Honda unleashes its fieriest Civic Type R yet. Jonathan Crouch looks at what's on offer.
The Honda Civic Type R returns, this time with 320PS beneath the bonnet thanks to a revised version of the previous 2.0-litre turbo engine. Drive goes to the front wheels via a six-speed manual 'box, so no change there, but under the skin, this thing's rammed with trick bits. It looks the real deal.
Cards on table time. I absolutely adore hot Hondas. There's just something so unashamedly extreme about the way these cars are built. It pops up in the most unexpected places but speaks of a deep devotion to engineering excellence. Whereas most other manufacturers would be content to beef-up the engine, stiffen the suspension and add a few go-faster cues inside and out, Honda is different. That's just the start. A Type R Honda has, to date, been about the subtle details. This latest Honda Civic Type R is a bit different. For a start, it's a bit shouty about its power output and its Nurburgring lap time. Perhaps Honda felt the need to make it appeal to a broader audience. Is it representative of the breed, or something different altogether?
The headline figures are undeniably impressive. Power comes courtesy of a direct-injected turbocharged 2.0 litre VTEC petrol engine, which really delivers a solid punch of both power and torque. Peak power output is slightly up on the previous generation model, up by 10PS to 320PS at 6,500rpm. There are more significant changes too. The body itself has a longer wheelbase than the previous-generation version. Plus the relocation of the fuel tank from beneath the front seats to beneath the rears means that the driver sits 50mm lower than before. The centre of gravity is lower too. The body is 16kg lighter and (more significantly) 38% stiffer than the previous model's, but the most crucial mechanical change is that there's no longer a torsion beam rear axle. Instead, the latest Type-R gets a fully independent, multi-link rear set-up. As before, there's a '+R' button that, when activated, heightens engine responsiveness and alters the torque-mapping to a more aggressive and performance-focused setting. That will have been activated when setting the Nurburgring Nordscliefe lap record this car now holds - set at 7min 43.8s, 7 seconds quicker than the previous generation car managed.
The Type R really amps up the already quite aggressive styling of the tenth-generation Civic. Honda's insistent that it's all functional and talks of the hours on the Nurburgring, being thrashed round the Takasu test track and forensic studies of the aerodynamics in the Sakura wind tunnel. An almost completely flat underside sucks the car onto the road and the rear wing, front splitter and deep side skirts are also demonstrably functional. Big grilles in the bumpers direct cooling air to the engine and brakes. The lightweight 20-inch alloy wheels look pretty mean too. The cabin gets the trademark machined-alloy Type R gear lever. High-backed sports seats grip the front occupants with a suede-effect fabric offset by red double stitching. The red highlights continue across the leather-trimmed steering wheel and gearstick gaiter.
There's a real sweet spot for performance cars with around 320PS under their bonnets and it's close to £32,000, around which are clustered cars like the BMW M140i, the Volkswagen Golf R and the Audi S3. Therefore, it's no real surprise that when Honda announced pricing for the Civic Type R, it started at £30,995. There's also a better-equipped GT version for £2,000 more if you want it. GT drivers will get gear such as forward collision warning, a traffic sign recognition system, lane departure warning, blind spot information including cross traffic monitor, dual control climate control, rain sensing auto wipers, dusk sensing auto lights, front and rear parking sensors, interior red ambient lighting, high beam support and Honda's new infotainment system, Connect, with Garmin navigation. Honda hasn't ruled out an even more focused Type R version, aimed to combat the track specials that are periodically wheeled out by the likes of SEAT and Renault.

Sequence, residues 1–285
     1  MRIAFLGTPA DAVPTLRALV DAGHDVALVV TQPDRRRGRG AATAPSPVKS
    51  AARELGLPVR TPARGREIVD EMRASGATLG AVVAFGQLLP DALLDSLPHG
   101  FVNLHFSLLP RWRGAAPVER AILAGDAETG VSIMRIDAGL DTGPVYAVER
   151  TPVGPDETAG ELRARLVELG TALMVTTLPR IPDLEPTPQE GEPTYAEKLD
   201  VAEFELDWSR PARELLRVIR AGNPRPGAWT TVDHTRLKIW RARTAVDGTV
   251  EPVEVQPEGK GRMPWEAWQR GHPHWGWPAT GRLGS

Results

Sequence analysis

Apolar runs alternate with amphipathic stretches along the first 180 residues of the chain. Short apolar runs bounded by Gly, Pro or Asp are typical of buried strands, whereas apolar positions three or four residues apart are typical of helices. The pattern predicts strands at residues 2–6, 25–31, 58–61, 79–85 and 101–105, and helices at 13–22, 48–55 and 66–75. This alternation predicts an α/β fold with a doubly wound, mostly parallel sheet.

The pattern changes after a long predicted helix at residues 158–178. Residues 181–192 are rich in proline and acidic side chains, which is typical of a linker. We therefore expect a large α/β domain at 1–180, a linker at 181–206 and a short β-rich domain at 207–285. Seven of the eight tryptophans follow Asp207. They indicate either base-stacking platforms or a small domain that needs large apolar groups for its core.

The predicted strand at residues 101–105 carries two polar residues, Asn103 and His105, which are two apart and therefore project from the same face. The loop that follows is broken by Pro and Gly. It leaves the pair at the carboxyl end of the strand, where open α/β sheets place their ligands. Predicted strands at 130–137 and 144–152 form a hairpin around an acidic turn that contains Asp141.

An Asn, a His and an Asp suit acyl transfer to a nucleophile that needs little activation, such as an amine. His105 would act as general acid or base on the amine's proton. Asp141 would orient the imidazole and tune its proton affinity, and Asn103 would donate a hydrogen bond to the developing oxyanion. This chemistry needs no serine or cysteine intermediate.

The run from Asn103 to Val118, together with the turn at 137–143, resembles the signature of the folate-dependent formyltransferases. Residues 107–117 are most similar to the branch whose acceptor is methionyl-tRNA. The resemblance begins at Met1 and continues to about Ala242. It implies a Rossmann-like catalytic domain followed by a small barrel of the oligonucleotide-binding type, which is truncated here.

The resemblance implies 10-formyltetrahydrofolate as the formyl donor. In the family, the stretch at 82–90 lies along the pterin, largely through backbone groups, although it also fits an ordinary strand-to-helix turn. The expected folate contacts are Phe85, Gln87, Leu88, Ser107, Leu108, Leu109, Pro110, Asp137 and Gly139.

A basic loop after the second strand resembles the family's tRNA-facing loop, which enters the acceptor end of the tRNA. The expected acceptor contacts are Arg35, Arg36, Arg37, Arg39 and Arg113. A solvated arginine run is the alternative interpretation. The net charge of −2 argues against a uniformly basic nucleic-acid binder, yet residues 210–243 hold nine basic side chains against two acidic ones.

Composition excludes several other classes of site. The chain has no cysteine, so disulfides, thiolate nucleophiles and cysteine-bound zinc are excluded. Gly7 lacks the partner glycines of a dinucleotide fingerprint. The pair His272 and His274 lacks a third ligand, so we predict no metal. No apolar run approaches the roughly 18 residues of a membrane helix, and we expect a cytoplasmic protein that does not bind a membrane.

Economy and emissions figures for the Type R are, as expected, competitive though not quite up with this car's German rivals, VW's Golf R and Audi's S3. The combined cycle fuel figure is 36.7mpg and the CO2 reading is 176g/km. Residual values shouldn't put too much of a bash in the budget as there's always been a strong used trade in Type Rs. With this Civic being the only Type R model in Honda's line-up for the foreseeable future, demand ought to be very healthy indeed.
There's a lot of competition in this market sector. The Audi S3, Volkswagen Golf R and Ford Focus RS offer all-wheel drive grip and sledgehammer acceleration off the line, while the BMW M140i delivers rear-wheel drive handling beloved by purists. So where does that leave the front-wheel drive Civic Type R? It suddenly looks a bit conspicuous. Honda is a company that insists we judge on results rather than on engineering dogma. It has a point. Drive an old front-wheel drive Integra Type R against, say, a rear-wheel drive BMW E36 M3 from the same era and the Japanese car will always feel like the more exotic, exciting drive. The latest Civic Type R makes a whole lot of impressive numbers but the acid test will come against its most talented European rivals. Something tells us that this British-built Honda will manage to inveigle itself into its own niche and feel quite unlike the rest of the field. Type Rs have always been something different, something very special and this one promises to be no different.
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